STA’s Voice: March For Our Education

Current premier Doug Ford followed through his campaign promise of repealing the revised sex-ed curriculum by removing discussions of consent, same-sex marriages, online bullying, sexting and more. Essentially, we are returning to teaching the same sex-ed curriculum similar to the late 1990s. High school students across Ontario have responded by walking out of class in protest of this decision; in an effort called the March for Our Education.

Photo credit: Nathan Denette – The Canadian Press

Our fellow STA students have diverse opinions on the topic, here are their responses:

“I think they were right to walk out because not having proper sex education in high school is a worse idea than like… the invention of pop-up ads or fake man-buns or Crocs. Which is saying a lot. High school students are going to learn about sex anyway. Whether it’s from their friends, parents or in the worst case — the internet, they will find out because sex is a natural part of human life. Not having any sex education in schools would mean that they wouldn’t have access to accurate information and wouldn’t be prepared for life. The idea that sex-ed somehow promotes teen-sex is bogus and statistics prove so. It is the responsibility of schools and the government to teach students about consent, safe sex and relationships. Just imagine how much money the government would lose out on from unwanted pregnancies, STD treatment and sexual assault issues because people aren’t properly educated on sex. To me, it’s crazy.” – Katya Fedorovskaya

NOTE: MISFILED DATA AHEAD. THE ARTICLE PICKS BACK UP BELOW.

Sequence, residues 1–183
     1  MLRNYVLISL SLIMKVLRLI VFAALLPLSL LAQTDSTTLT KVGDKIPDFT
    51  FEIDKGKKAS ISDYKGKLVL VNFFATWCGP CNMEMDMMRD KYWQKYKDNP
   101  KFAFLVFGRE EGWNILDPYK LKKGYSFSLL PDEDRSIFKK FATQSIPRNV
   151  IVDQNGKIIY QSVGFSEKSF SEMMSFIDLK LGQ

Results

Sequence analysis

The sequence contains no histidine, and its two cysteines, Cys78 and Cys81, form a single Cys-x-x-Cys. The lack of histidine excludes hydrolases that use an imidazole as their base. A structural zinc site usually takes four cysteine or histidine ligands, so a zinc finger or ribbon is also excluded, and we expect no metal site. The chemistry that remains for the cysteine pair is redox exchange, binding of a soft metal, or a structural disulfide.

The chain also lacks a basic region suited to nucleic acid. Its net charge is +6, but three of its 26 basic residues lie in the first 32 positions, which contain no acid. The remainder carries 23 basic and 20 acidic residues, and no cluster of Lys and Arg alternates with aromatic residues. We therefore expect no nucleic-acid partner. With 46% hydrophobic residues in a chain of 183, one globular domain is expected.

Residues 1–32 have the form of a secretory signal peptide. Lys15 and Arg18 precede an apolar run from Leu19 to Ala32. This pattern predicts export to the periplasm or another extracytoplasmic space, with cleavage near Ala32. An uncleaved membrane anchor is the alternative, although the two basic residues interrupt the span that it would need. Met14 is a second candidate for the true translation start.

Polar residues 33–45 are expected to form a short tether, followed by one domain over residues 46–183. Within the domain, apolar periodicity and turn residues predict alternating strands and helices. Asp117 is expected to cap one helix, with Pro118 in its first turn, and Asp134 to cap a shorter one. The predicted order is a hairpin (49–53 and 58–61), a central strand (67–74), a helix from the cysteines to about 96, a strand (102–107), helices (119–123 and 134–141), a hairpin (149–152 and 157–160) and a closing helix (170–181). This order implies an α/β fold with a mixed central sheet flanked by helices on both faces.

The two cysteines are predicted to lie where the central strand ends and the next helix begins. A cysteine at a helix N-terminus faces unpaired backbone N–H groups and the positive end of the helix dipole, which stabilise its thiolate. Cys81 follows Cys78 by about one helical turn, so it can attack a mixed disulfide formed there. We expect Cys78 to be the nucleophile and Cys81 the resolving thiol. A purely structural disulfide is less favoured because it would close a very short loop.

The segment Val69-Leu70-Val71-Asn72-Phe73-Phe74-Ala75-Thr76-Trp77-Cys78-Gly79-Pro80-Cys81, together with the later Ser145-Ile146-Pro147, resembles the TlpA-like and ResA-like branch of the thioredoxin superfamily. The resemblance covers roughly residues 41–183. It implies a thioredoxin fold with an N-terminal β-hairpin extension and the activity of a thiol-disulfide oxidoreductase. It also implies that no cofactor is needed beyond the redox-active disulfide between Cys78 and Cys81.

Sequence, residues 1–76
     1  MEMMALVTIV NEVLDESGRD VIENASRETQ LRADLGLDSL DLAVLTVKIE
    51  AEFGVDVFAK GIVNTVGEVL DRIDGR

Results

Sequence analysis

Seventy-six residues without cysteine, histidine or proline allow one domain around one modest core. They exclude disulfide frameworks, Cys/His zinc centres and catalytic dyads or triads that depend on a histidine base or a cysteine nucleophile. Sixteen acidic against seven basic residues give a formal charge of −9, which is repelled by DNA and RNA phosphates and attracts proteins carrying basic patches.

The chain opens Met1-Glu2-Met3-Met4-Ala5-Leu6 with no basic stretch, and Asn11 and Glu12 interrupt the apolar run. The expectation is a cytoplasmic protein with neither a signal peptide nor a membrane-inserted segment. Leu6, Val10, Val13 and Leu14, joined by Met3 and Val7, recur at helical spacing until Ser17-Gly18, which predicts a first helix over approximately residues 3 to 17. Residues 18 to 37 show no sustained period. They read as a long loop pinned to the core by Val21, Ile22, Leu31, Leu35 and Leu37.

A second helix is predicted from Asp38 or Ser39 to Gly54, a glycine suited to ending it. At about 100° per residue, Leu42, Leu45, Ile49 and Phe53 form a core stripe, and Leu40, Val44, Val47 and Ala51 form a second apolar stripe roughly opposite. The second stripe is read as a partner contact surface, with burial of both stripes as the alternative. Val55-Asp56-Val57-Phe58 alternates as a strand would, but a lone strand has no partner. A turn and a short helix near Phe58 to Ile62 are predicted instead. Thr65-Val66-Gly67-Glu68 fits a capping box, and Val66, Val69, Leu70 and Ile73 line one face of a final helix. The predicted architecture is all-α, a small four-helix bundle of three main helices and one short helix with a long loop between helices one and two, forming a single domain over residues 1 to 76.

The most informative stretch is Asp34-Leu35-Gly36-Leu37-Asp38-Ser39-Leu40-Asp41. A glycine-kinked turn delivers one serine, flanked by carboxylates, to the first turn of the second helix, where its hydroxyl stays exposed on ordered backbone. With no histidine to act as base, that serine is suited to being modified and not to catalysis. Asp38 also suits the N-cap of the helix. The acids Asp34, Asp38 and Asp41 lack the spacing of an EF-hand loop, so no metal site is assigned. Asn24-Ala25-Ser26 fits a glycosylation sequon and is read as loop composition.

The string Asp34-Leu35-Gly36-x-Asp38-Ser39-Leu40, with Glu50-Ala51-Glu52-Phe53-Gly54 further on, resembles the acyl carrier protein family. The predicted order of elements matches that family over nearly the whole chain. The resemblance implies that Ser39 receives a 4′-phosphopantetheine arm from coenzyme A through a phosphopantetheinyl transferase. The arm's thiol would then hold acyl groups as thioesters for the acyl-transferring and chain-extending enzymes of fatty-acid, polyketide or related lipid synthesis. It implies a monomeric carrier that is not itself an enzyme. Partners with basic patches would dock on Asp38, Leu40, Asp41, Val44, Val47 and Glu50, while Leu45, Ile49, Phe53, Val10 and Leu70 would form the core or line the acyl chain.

“I personally support Doug Ford with his decision as I feel it should be [the] parents’ responsibility to discuss sex ed with their own children, not a school. I understand that not all parents want to or actually do teach their children things like this, however, one can argue that it’s the same way not all parents take the time or effort to even discipline their children yet schools don’t take it upon themselves to teach their students manners.” – Mirna Aziz

“I believe that sex ed should not be directly taught to elementary school students as young as 6 years old however it should be introduced to grades 7-8 about the topics such as consent & the reproductive system as most of them reach puberty at that age. Later in high school, I believe that students should learn more in-depth about the other topics because they would be more mature and open-minded. The students did not stay silent about this ban and walked out of class in hope of an action change. These students want to grow up with the knowledge to be taught [and] what they need to know about the world and themselves.” – Lana Hekmat

“I believe that removing sex ed from the curriculum is going to be detrimental to students health. Assuming that students are able to receive these teachings from parents at home is ignorant as not everyone has that opportunity. Not to mention the fact that many people don’t feel comfortable with their parents giving them the “sex-talk”. Without having this in our schools many young people are going uneducated. This ultimately will result in negative things such as STD’s, teenage pregnancies, and will overall disadvantage individuals. I believe that there is no reason to remove it because it’s only there to educate people about their bodies.” – Maddie Pagani

Disclaimer: Even if someone’s opinion contradicts your own, this segment should be treated as a safe space for every student to share their opinion.

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